In today’s global market, borders are quickly becoming a thing of the past, at least in terms of voice-over work. Many organizations and productions are casting online; hiring actors from locations across the Nation to across the globe. Most voice actors are equipped with their own home recording studios, allowing creative directors to patch in for live direction.
Grant Thomas, Senior Account Manager at Voices.com, says “On rare occasions a client can get hung up on geography in an effort to corner regional authenticity. This might make sense at the onset however, when it comes down to the finished product it’s all about talent. The beauty of the global marketplace is you automatically break the local talent pool limitations in exchange for a much higher success ratio.”
English speakers with neutral accents are needed world-wide for language translation projects, especially in e-learning and instructional videos, but it doesn’t stop there. Voice talent can expand their reach greatly by learning to convincingly perform other accents and dialects. This skill translates well into other areas of acting as well, so if you dabble in theater and on-screen acting as well you may want to consider hiring a voice-over coach to help you nail the nuances of another dialect.
There are a number of ways to practice perfecting an accent at home on your own as well. Watch television programs or YouTube videos featuring actors speaking in other accents and mimic them until you’ve got it down. Make friends with people from other regions, offer to treat them to a cuppa’ and practice mimicking them – though you’ll want to tell them why you’re doing it. Don’t offend your pals!
Voice Over Performer, Howard Ellison, says that he can do a range of UK accents “from Devon, where I’m a ‘blow-in’, to Liverpool which I visited once” but that he has “little doubt that most of my simulations cause pain to real locals. Black Country is a nightmare, as one easily slips into pantomime Brummie or Enoch Powell MP. Funny, but insulting.” Ellison is much more comfortable doing “snooty English gent” or “suburban London cockney” which he absorbed from school days. He says that, “the true-Brit tones find their niche in animation – inevitably as evil-wizard types. But what fun!”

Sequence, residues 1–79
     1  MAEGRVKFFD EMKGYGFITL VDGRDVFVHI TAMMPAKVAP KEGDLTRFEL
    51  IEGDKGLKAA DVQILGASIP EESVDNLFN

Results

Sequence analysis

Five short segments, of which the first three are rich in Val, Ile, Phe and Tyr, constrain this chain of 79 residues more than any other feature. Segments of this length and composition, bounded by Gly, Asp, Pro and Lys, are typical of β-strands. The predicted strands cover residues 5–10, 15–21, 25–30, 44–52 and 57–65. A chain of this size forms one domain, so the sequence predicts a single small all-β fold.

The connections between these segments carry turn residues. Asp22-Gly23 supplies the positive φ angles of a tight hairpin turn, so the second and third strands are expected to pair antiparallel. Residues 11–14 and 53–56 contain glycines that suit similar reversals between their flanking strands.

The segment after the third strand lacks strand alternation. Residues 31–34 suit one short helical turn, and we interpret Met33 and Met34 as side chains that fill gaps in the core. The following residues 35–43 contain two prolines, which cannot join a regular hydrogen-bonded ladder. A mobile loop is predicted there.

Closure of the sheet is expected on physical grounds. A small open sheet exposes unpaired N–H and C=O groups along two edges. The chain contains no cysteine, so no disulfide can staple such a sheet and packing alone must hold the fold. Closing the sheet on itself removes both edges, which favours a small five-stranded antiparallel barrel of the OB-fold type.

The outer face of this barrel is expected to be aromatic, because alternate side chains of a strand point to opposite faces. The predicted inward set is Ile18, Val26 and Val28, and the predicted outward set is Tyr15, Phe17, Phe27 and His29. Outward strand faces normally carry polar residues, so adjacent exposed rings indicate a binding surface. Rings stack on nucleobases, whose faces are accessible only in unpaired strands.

For Voice Actor, Brian Rollins, performing a variety of accents are his “proverbial bread and butter for narrating audiobooks and video game characters.” He spends a lot of time listening to other accents and practicing them.
As a linguist, Rajiv Hasan, has always been fascinated by accents – be they regional, national or international. “I have been fortunate enough to voice numerous projects in a variety of them.”
On the flip side, some casting directors feel the land is overrun with people who say they can perform the accent but fail on delivery, so it’s easier to go straight to the source.
Roger King, Agent and owner of Voice Over Canada, says, “I’ve found [that] because of Ethnicvoicetalent.com, we’re asked for authentic accents rather than a talent putting on an accent.” Voice Talent, Steve McDaniel can relate to the sentiment. He said, “I can do several dialects but I have found that most clients will hire an actual voice talent from the country of which accent they desire.”
And in case you’re thinking about ridding yourself of your natural accent you may want to think twice. Voice Actor, Joey Maxwell, says, “as a native North Carolinian, the southern accent I worked so hard to train out of me is now my most requested!”
Ultimately if you do accents well, then it will serve you well as an actor. When you adopt a new accent, and take the time to perfect it, it will strengthen your skills as an actor forcing you to be good enough to to give a convincingly emotional performance while carrying the accent through to the end of the script.
Source: Voice Over Times
For more, visit www.voiceovertimes.com.